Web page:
May 8, 2023 - Economy

Tyson Foods stock sinks as demand wanes, costs rise

Illustration of a hot dog with mustard in the shape of dollar signs.

Illustration: Shoshana Gordon/Axios

Meat prices are losing their sizzle even as commodity and labor costs are rising in a double whammy for meat packers.

Why it matters: Meat price hikes were eye-popping earlier in the pandemic, casting a spotlight on food processors that capitalized on the sudden surge.

Driving the news: Tyson Foods' stock closed down 16.4% Monday after the company cut its sales forecast on declining demand for pork and beef, and said its costs are rising.

  • "Market conditions remain very challenging," CEO Donnie King said on an earnings call.

State of play: Tyson's average prices declined 10.3% and 5.4% for pork and beef, respectively, in the company's most recent quarter, compared with a year earlier.

  • And now chicken prices are coming under pressure, too.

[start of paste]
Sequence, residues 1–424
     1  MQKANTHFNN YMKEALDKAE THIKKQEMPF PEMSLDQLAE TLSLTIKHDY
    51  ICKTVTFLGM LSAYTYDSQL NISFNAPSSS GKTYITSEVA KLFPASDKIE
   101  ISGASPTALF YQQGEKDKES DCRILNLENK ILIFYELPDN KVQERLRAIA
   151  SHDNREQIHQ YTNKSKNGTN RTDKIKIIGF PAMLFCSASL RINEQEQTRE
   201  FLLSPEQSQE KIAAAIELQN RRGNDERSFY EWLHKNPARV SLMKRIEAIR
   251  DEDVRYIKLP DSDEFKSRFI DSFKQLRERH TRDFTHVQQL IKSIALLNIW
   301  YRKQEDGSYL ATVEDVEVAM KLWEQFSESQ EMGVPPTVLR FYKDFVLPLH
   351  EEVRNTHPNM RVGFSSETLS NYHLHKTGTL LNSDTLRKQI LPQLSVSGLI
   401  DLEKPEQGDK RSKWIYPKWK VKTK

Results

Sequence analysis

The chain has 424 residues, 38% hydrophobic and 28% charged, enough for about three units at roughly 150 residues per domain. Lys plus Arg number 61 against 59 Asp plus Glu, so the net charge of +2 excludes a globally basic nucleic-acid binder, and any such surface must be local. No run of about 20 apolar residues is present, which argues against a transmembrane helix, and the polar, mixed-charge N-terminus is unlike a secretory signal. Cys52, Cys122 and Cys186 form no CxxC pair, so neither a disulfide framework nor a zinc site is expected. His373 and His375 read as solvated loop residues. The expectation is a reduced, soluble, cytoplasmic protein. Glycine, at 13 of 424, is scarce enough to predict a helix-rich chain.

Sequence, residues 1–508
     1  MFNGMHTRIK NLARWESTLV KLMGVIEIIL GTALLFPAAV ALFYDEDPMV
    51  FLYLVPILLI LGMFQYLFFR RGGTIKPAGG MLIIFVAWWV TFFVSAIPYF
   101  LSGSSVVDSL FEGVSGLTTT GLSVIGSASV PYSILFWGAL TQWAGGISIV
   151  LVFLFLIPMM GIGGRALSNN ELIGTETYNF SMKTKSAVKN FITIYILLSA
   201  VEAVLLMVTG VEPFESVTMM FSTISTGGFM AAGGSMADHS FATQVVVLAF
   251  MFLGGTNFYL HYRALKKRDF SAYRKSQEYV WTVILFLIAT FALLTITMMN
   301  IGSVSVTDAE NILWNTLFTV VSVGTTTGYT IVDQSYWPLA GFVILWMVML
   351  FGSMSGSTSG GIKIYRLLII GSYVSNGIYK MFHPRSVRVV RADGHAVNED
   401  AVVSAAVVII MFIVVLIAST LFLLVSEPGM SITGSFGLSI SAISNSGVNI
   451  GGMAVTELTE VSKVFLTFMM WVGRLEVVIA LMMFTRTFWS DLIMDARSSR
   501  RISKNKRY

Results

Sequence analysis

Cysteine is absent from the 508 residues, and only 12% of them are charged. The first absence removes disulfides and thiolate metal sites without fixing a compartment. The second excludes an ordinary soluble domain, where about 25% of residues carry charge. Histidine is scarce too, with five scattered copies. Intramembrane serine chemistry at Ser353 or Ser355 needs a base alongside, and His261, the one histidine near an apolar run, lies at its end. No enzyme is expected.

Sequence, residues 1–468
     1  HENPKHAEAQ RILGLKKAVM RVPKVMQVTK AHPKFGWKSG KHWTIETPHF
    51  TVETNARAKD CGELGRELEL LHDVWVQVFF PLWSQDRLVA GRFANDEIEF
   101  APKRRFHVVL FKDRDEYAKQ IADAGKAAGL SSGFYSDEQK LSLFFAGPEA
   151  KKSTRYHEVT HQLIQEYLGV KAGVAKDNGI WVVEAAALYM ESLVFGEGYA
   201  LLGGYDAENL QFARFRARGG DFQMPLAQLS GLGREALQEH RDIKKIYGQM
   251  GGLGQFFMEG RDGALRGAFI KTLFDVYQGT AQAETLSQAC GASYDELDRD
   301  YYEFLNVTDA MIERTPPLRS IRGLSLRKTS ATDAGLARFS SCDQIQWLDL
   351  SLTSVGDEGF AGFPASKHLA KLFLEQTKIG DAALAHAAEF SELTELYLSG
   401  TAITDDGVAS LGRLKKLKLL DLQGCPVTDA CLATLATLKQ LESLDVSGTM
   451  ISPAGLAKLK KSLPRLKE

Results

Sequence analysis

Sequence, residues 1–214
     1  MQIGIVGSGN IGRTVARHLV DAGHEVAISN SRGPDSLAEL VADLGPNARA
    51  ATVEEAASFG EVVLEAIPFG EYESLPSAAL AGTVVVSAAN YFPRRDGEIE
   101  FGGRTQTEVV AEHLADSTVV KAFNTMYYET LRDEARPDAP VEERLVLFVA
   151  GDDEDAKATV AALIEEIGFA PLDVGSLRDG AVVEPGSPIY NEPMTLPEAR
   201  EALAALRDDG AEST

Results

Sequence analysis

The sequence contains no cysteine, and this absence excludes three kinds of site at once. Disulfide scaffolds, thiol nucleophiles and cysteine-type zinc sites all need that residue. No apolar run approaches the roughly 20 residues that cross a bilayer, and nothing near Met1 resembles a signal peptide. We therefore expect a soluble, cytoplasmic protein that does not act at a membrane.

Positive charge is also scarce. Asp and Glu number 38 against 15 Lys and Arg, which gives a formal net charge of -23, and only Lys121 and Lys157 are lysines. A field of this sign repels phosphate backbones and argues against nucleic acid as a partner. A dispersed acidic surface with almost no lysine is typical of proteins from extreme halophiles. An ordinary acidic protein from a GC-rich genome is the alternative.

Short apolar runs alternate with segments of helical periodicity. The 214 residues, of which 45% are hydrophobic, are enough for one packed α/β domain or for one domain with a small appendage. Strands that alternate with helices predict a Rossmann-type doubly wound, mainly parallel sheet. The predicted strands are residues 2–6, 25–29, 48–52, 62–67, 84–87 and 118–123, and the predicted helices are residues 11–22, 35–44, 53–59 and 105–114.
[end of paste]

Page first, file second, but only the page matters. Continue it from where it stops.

What they're saying: "Commodity prices for most fresh chicken cuts are much lower than last year, with boneless breast meat, tenders and wings down more than 50%," King warned.

  • He noted that even where the company is not fully exposed to commodity markets, like in its value-added products and prepared foods segment, "we are not immune to their dynamics" and that the effects will show up on "a lag."

Between the lines: Input prices — such as the cost of feed, grain, livestock and wages — have been eating away at Tyson's bottom line.

  • The company swung from a $829 million profit a year ago to a $97 million loss for the period.
  • "The quarter was disappointing as it's clear the macro environment is not in favor of protein processors," CFRA Research analyst Arun Sundaram wrote Monday as he cut his target price on Tyson's stock from $65 to $59.

What to watch for: The consumer price index will be released Wednesday and the producer price index will be released Thursday, telling us how things changed in April.

  • Signs "point to further disinflation of consumer food prices," Bank of America economists Stephen Juneau and Michael Gapen wrote in a research note.

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